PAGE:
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Ann Surg. 2002 Nov;236(5):667-75.

New insights into the interactions between T-cell costimulatory blockade and conventional immunosuppressive drugs.

Author information

  • 1Laboratory of Immunogenetics and Transplantation, Brigham and Women's Hospital, Boston, Massachusetts, USA.

Abstract

OBJECTIVE:

To determine the precise in vivo interaction between T-cell costimulatory blockade and conventional immunosuppression in transplantation.

SUMMARY BACKGROUND DATA:

Blocking B7 or CD154 T-cell costimulatory activation pathways prevents allograft rejection in small and large animal transplant models and is considered a promising strategy for clinical organ transplantation.

METHODS:

A fully MHC-mismatched vascularized mouse cardiac allograft model was used to test the interactions between anti-CD154 or CTLA4Ig monotherapy and conventional immunosuppressive drugs in promoting long-term graft acceptance. The frequency of alloreactive T cell was measured by ELISPOT. Chronic rejection was examined by histology.

RESULTS:

Cyclosporine, tacrolimus, and anti-IL-2R monoclonal antibody therapy abrogated the effect of a single-dose protocol of anti-CD154 therapy. In contrast, rapamycin acted synergistically with anti-CD154 therapy in promoting long-term allograft survival. The addition of calcineurin inhibitors did not abolish this synergistic effect. Intense CD154-CD40 blockade by a multiple-dose schedule of anti-CD154 resulted in long-term graft survival and profound alloreactive T-cell unresponsiveness and overcame the opposite effects of calcineurin inhibitors. CTLA4Ig induced long-term graft survival, and the effect was not affected by the concomitant use of any immunosuppressive drugs.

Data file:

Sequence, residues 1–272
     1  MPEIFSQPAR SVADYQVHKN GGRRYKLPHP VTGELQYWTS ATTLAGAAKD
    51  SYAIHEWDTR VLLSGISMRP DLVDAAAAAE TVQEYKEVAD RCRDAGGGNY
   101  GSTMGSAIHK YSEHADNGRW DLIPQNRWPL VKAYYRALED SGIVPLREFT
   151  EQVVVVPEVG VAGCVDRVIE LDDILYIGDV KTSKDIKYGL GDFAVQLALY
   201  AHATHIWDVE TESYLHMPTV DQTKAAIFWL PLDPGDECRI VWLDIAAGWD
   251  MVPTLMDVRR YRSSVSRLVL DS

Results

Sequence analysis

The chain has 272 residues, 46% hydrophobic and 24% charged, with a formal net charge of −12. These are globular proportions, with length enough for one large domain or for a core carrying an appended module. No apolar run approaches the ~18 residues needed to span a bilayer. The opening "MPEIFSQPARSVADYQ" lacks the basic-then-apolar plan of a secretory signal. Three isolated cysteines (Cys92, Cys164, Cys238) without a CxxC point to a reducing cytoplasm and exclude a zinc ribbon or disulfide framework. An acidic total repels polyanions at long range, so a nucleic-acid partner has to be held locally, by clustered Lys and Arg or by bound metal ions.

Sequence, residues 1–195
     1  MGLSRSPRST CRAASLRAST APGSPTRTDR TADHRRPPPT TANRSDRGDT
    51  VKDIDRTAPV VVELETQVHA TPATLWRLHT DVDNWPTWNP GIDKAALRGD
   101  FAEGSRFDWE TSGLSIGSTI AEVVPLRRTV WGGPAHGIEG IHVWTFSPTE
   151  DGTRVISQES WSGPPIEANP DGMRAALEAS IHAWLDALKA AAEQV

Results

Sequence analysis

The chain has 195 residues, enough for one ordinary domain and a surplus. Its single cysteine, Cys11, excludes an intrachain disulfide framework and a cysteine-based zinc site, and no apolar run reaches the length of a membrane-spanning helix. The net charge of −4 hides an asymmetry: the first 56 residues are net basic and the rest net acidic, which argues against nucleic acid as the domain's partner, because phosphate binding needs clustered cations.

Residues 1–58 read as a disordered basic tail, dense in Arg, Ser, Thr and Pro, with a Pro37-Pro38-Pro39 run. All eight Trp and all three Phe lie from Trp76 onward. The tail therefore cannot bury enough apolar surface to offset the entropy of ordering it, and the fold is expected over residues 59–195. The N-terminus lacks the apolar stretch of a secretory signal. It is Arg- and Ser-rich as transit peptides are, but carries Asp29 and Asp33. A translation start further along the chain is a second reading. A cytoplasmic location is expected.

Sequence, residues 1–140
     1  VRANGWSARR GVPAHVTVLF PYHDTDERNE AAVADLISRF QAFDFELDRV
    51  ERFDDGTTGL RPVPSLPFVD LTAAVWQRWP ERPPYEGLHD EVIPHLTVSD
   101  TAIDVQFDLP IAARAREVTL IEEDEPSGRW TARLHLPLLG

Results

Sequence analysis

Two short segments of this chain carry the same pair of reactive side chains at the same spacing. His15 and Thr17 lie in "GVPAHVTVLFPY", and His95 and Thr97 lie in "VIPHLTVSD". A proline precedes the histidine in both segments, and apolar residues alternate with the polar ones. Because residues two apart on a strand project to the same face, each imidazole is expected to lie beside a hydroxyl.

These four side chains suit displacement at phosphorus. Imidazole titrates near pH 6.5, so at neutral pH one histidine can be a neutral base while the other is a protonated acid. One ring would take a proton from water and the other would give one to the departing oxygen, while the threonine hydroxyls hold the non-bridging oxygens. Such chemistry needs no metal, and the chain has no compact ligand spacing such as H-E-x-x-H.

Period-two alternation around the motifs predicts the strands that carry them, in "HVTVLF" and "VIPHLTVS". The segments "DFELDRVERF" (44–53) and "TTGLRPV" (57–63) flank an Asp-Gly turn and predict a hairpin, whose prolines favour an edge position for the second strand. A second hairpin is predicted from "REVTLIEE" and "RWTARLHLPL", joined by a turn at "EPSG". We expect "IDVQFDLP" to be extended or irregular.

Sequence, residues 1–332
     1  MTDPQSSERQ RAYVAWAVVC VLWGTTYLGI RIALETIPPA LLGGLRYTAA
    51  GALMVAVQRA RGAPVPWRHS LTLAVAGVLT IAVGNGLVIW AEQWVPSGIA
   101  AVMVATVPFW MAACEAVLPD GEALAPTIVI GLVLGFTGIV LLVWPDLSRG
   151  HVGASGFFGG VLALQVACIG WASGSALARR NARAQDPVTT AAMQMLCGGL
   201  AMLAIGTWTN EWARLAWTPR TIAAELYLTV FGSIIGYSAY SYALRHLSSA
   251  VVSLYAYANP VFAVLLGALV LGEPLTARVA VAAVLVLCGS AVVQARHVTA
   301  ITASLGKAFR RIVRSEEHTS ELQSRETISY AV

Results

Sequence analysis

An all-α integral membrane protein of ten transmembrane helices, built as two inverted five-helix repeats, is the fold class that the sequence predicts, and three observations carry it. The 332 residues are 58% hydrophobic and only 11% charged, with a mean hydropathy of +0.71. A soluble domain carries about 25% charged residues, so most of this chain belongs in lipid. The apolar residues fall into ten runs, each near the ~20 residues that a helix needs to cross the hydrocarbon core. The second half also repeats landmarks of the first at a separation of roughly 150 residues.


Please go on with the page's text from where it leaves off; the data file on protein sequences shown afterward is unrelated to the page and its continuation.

CONCLUSIONS:

The widespread view that calcineurin inhibitors abrogate the effects of T-cell costimulatory blockade should be revisited. Sufficient costimulatory blockade and synergy induced by CD154 blockade and rapamycin promote allograft tolerance and prevent chronic rejection.

PMID:
12409674
[PubMed - indexed for MEDLINE]
PMCID:
PMC1422626
Free PMC Article

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